NFC West: 2011 Season Wrap

Seahawks regular-season wrap-up

January, 4, 2012
1/04/12
1:00
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NFC Wrap-ups: East | West | North | South AFC: East | West | North | South

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Final Power Ranking: 21
Preseason Power Ranking: 25

[+] EnlargeMarshawn Lynch
AP Photo/Nam Y. HuhMarshawn Lynch carried Seattle's offense and rushed for 1,204 yards on 285 carries.
Biggest surprise: Seattle's ground game continued building momentum after the Seahawks lost three starting offensive linemen to season-ending injuries. Losing rookies James Carpenter and John Moffitt from the line's right side threatened depth and continuity. Losing left tackle Russell Okung for the final four games should have been disastrous heading into games against Julius Peppers, Justin Smith and Calais Campbell. Instead, Seattle charged forward with Paul McQuistan at left tackle. Marshawn Lynch led the NFL in rushing yards over the final nine weeks of the season. He was fourth over the final four weeks, when McQuistan was in the lineup. Lynch needed only 15 games to top 1,200 yards rushing even though Seattle never started the same offensive line more than three games in a row. Line coach Tom Cable proved his worth.

Biggest disappointment: The Seahawks invested millions in free-agent weapons Sidney Rice and Zach Miller without getting much receiving production from either. Miller was a mainstay as a blocker, but Seattle did not maximize his talent as a receiver. Both Rice and Miller missed games to injury. They combined for 57 receptions, 717 yards and two touchdowns. Miller had 60-685-5 by himself with Oakland in 2010. Seattle went all season without getting a touchdown reception from a tight end. Rice underwent shoulder surgery this week and expects to require 3-4 months rehabilitation.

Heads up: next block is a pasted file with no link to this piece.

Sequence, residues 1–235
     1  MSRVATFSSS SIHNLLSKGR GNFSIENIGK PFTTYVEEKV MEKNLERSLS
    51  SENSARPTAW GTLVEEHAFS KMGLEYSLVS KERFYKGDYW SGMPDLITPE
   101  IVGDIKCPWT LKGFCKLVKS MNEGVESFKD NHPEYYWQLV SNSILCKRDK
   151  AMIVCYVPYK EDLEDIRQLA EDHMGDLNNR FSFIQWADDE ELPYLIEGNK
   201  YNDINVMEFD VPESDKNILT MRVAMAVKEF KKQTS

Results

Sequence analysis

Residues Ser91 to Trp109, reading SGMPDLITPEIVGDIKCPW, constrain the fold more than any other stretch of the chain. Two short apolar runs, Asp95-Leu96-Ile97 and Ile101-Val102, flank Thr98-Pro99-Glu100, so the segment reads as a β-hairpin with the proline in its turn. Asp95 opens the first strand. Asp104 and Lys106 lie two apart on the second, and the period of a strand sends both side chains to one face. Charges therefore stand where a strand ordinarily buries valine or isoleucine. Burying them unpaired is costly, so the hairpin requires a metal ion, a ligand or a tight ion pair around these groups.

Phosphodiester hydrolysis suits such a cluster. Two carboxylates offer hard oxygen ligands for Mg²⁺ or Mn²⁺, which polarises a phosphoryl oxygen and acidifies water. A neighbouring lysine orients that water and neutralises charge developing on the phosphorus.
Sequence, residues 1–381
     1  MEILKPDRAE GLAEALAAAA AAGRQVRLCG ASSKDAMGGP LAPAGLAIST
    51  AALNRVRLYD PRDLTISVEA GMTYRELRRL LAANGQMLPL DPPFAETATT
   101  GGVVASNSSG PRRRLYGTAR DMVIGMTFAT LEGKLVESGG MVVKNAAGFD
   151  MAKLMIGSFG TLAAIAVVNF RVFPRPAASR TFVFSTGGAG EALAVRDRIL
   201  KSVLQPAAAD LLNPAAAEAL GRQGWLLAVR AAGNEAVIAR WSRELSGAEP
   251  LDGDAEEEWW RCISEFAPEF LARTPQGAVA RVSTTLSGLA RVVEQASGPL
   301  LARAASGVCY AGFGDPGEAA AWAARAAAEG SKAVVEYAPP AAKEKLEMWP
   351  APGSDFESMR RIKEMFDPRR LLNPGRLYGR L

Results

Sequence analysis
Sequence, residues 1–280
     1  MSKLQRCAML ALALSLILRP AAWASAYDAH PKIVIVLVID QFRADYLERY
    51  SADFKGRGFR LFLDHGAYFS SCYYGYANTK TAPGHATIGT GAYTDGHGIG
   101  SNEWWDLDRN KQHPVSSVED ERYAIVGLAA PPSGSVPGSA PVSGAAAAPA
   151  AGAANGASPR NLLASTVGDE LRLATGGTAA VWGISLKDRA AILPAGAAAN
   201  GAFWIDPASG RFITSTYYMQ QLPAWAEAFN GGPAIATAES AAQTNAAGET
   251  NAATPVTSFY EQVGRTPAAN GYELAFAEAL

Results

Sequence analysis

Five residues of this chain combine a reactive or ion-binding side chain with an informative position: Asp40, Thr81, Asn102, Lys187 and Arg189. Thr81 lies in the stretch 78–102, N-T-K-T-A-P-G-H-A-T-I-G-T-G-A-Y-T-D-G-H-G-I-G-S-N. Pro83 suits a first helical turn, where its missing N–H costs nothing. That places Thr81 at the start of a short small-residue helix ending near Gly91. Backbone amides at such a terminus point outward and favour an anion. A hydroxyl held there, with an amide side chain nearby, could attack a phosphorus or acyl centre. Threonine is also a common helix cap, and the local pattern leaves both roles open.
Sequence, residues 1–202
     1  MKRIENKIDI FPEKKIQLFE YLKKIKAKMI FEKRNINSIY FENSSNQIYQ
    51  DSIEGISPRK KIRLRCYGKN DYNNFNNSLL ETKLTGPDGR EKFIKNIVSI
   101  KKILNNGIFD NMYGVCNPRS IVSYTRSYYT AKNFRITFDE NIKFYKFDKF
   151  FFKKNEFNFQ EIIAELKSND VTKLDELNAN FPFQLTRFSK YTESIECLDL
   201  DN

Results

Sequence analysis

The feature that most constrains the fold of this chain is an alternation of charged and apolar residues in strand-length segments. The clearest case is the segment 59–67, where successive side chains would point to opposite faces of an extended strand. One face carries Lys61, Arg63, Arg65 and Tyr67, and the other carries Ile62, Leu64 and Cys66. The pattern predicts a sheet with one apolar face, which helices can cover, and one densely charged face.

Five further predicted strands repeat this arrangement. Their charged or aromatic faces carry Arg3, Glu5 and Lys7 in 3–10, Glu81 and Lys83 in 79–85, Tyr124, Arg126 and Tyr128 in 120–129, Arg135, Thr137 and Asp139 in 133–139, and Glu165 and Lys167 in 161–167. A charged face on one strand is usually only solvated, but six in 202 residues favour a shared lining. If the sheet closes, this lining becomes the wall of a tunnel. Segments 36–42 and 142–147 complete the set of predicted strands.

Biggest need: Quarterback and pass-rusher head the list. Those are arguably the two most important positions on any team. The Seahawks have done an admirable job building up their roster with emerging young talent, but they appear unlikely to take a big step forward without addressing those two key areas. The draft will be pivotal; a coin flip with Kansas City will determine whether Seattle drafts 11th or 12th overall.

Team MVP: Lynch, in a landslide. The adage about running backs being relatively replaceable did not apply to Seattle in this case. No back in the league ran as violently as Lynch this season. He ran through and over opponents, breaking free from packs of defenders. The Seahawks expect to add another big back through the draft or free agency, but there is only one Lynch. Re-signing him is a top priority.

In with the new: A strong rookie class made immediate contributions while offering promise for the future. Carpenter, Moffitt, linebacker K.J. Wright, cornerback Richard Sherman, receiver Doug Baldwin and receiver Ricardo Lockette showed enough to factor next season. All but Lockette project as starters. Another rookie receiver, Kris Durham, is returning from injury and has the size to become a Mike Williams type. Carpenter's future could be at guard if the team decides to stick with Giacomini at right tackle.

Cardinals regular-season wrap-up

January, 4, 2012
1/04/12
1:00
PM ET
NFC Wrap-ups: East | West | North | South AFC: East | West | North | South

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Final Power Ranking: 18
Preseason Power Ranking: 21

[+] EnlargePatrick Peterson
Dilip Vishwanat/Getty ImagesRookie Patrick Peterson's special teams play earned him a spot on the Pro Bowl roster.